The popular Hindu belief is, Lord Buddha was an Avatar, as described in the religious texts of Hinduism, whose incarnation on earth is always to uphold and protect ‘dharma’, when the evil of ‘adharma’ overshadows the goods of ‘dharma’. The role of the Avatar has always been the restitution of ‘dharma’ through the vanquishment of the elements of ‘adharma’. Certain orders of Hinduism have a firm belief that, Lord Buddha, in fact, was an incarnation of Lord Vishnu. This stems from the fact that, the divine postulates of Buddha were in no way a contradiction to the dogmas of Hinduism, but in fact Buddhism, when conceived, was way ahead of its time, especially the orthodox Hinduism. Buddha had chosen the word ‘Nirvana’ to describe the state of perpetual rapture. The term originates from the Vedic texts of the Hindu religion. The amalgamation of Hinduism and Buddhism is still a commonplace occurrence in Nepal, the supposed place of birth of Lord Buddha.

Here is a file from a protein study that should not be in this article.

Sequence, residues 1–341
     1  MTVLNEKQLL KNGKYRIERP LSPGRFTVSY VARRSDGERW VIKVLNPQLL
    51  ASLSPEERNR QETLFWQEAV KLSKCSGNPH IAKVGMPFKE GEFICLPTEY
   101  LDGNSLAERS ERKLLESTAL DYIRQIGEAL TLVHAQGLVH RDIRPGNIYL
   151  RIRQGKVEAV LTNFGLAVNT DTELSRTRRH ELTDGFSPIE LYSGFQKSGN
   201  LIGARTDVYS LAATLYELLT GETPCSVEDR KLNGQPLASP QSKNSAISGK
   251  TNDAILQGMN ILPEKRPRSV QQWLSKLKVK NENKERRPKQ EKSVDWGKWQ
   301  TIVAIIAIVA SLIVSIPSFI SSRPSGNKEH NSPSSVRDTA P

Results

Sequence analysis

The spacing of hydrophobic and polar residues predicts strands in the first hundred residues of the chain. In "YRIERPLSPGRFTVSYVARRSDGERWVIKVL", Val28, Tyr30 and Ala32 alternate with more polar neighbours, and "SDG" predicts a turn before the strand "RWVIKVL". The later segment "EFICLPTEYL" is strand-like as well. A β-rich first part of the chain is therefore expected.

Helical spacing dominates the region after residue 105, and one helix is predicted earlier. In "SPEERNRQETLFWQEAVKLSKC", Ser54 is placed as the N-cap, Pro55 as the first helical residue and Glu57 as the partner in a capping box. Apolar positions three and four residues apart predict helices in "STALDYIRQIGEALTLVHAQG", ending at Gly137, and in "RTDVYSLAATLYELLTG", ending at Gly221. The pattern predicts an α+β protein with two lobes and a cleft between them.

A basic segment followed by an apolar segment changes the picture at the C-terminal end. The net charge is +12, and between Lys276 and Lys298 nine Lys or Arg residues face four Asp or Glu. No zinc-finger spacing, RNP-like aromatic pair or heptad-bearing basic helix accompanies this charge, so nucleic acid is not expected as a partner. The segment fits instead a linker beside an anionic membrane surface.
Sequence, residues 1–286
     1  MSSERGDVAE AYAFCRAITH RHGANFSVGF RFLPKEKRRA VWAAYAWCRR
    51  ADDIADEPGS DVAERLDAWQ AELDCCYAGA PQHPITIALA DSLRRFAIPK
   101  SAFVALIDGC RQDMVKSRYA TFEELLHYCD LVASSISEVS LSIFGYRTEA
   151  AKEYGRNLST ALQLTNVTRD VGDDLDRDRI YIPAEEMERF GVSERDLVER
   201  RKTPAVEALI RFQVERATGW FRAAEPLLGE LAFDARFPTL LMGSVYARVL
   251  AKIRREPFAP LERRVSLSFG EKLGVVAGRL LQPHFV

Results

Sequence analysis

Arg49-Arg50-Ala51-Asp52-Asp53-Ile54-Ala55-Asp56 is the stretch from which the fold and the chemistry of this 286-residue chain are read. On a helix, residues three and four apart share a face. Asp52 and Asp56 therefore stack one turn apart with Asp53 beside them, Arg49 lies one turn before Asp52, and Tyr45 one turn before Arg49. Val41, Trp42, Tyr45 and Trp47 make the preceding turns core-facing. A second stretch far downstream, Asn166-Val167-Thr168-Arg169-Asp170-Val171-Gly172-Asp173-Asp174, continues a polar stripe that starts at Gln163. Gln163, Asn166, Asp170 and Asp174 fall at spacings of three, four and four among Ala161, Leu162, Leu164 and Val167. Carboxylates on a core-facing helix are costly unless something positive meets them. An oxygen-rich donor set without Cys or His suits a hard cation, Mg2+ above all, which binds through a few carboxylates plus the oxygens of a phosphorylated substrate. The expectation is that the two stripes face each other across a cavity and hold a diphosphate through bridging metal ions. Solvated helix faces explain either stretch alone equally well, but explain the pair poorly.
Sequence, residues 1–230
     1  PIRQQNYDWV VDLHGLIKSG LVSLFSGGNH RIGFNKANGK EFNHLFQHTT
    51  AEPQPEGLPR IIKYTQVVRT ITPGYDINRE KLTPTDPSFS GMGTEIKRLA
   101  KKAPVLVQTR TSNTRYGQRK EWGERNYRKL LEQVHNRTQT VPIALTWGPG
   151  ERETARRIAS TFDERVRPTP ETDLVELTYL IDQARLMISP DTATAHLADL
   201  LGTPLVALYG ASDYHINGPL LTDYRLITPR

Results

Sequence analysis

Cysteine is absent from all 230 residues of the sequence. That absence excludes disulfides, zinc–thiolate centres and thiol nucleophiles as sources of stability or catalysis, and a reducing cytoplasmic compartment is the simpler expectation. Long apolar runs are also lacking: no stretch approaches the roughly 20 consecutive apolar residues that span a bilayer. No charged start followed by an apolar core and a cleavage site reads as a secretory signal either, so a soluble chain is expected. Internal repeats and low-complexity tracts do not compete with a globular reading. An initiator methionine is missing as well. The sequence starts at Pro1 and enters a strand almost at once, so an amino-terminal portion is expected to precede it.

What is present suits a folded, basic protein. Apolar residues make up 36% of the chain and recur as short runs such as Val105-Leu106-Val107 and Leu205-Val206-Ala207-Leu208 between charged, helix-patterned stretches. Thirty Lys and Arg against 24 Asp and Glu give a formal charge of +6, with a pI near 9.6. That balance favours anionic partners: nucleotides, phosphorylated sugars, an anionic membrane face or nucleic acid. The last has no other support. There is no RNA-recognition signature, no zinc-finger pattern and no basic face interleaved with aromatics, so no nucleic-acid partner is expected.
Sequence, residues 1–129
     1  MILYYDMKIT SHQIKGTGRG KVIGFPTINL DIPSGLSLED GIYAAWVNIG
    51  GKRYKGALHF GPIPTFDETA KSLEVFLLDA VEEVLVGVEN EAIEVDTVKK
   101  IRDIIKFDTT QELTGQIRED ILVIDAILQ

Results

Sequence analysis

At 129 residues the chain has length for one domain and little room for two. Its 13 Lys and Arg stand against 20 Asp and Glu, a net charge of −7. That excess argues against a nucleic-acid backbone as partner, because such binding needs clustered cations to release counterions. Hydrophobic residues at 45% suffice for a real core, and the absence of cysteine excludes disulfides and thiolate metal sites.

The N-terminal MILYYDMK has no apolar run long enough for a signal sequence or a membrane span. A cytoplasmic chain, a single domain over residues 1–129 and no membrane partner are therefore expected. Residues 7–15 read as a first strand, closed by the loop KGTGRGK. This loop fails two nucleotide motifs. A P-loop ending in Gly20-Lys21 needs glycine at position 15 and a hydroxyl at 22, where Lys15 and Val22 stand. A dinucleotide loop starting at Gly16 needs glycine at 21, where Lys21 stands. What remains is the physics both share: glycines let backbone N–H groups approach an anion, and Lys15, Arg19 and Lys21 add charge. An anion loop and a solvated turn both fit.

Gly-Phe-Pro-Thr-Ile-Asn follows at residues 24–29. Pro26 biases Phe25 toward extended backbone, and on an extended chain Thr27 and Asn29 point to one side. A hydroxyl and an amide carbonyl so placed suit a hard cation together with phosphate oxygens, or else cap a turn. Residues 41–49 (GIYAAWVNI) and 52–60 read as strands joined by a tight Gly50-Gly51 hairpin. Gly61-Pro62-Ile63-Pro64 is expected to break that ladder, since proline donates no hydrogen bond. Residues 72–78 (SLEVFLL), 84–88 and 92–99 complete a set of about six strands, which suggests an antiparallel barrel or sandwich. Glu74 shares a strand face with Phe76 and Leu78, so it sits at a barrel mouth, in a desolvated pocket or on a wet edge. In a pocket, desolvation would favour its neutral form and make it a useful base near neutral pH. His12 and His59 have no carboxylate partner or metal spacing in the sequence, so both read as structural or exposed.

The debate over the place of birth of Lord Buddha:

The most recent and sensational excavations of Archaeological Survey Of India(ASI) occurred between the months of February to June in 2013, that has rekindled the age old controversy of the exact location of Kapilavastu, where the Indian Prince Siddhartha, son of the Shakya King Suddhodana spent 29 years of his life before choosing the path to Buddhahood. The Nepal Government has long been staking the claim that the current location of Kapilvastu is in the modern day village of Tilaurakot in the Terai region, which lies about 30 kilometers inside the Indo-Nepal border, on the Nepal side. However, Indian historians have been continuously contradicting this claim. According to them, the actual location of Kapilavastu is in Piprahwa which is about 2 kilometers inside the Indo-Nepal border on the Indian side, based on the conclusions derived from the excavations in 1890 and 1970s.